The Worcester Art Museum has a long tradition of exhibiting European and American modernism. Indeed, in the 1920s and 1930s, the Museum hosted a number of cutting edge exhibitions.
In 1921, for example, the Worcester Art Museum became the first museum to display paintings by the members of the Société Anonyme, an international organization of artists that was founded just one year earlier by Katherine Dreier and Marcel Duchamp for the purpose of advancing the newest trends in modern art. Both Dreier and Duchamp had exhibited at the landmark Armory Show in 1913 and had a broad network of contacts in the international art world. Dreier and Duchamp believed that the work of these artists announced the coming of a new era, and their mission related to a broad sense of progress in civilization.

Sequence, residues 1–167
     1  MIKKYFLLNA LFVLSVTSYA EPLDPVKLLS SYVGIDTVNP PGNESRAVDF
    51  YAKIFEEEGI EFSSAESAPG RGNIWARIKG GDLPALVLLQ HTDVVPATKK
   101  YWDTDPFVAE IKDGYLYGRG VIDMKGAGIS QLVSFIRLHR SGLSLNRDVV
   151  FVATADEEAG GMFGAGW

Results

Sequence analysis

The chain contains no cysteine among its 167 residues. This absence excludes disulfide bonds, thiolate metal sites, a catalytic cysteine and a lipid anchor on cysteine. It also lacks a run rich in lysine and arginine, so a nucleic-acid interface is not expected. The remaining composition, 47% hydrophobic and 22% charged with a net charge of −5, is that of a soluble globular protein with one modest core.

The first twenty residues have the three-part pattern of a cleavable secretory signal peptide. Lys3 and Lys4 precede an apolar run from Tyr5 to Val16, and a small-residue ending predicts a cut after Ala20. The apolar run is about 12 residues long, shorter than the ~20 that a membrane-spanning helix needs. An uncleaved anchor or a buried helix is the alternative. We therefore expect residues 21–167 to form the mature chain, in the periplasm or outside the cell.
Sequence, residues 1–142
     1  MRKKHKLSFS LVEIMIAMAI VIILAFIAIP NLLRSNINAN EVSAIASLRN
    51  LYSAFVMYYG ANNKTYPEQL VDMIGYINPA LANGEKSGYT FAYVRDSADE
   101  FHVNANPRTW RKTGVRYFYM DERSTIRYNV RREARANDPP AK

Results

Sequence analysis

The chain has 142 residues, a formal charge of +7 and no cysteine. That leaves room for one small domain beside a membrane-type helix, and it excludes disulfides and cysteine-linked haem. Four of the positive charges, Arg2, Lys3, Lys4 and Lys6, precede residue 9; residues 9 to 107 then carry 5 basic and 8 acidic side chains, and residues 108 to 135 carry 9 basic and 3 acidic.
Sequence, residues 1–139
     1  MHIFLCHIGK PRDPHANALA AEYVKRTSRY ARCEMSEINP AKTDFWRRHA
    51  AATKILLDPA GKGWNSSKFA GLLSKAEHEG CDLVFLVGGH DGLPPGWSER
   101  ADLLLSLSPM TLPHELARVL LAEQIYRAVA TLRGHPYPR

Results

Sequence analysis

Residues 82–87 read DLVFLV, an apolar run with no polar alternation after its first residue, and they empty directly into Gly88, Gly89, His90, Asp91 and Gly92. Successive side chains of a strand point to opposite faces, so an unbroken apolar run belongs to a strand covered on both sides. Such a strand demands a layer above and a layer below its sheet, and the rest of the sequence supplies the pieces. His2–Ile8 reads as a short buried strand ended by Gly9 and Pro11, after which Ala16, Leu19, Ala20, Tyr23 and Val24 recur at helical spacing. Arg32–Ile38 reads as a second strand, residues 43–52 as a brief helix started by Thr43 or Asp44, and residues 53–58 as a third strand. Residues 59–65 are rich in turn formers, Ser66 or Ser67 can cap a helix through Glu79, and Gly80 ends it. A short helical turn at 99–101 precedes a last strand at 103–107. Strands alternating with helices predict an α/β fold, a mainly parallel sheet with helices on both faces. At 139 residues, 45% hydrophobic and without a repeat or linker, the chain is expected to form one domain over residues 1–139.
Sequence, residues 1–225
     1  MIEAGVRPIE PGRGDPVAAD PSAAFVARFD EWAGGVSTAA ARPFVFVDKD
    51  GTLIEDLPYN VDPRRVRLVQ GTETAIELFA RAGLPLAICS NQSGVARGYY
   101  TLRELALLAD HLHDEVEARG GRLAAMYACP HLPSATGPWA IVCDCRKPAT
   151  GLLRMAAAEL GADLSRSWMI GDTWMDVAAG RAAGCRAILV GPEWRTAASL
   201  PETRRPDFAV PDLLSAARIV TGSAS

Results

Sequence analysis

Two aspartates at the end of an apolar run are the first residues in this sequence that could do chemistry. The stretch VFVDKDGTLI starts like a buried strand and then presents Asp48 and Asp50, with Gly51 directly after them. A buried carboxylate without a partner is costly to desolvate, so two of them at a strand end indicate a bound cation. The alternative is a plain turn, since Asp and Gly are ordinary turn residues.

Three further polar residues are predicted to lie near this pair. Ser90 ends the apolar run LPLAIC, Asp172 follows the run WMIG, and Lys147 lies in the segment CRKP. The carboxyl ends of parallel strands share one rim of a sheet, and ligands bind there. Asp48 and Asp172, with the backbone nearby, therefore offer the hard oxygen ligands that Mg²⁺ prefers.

In 1936, Worcester exhibited Art of the Machine Age, which demonstrated the favorable influence of modernism upon contemporary industrial design. As the Museum's News Bulletin and Calendar explained: Only objects which indicate the implications of mass production for simplicity and beauty of form and texture will be shown. The functional beauty of machine-made articles will be stressed in opposition to the taste for extraneous decoration and superficial ornament which still persists among the devotees of the handicrafts.
Selected Modernism Exhibitions at the Worcester Art Museum, 1920s-1930s.
Further reading on American Modernism.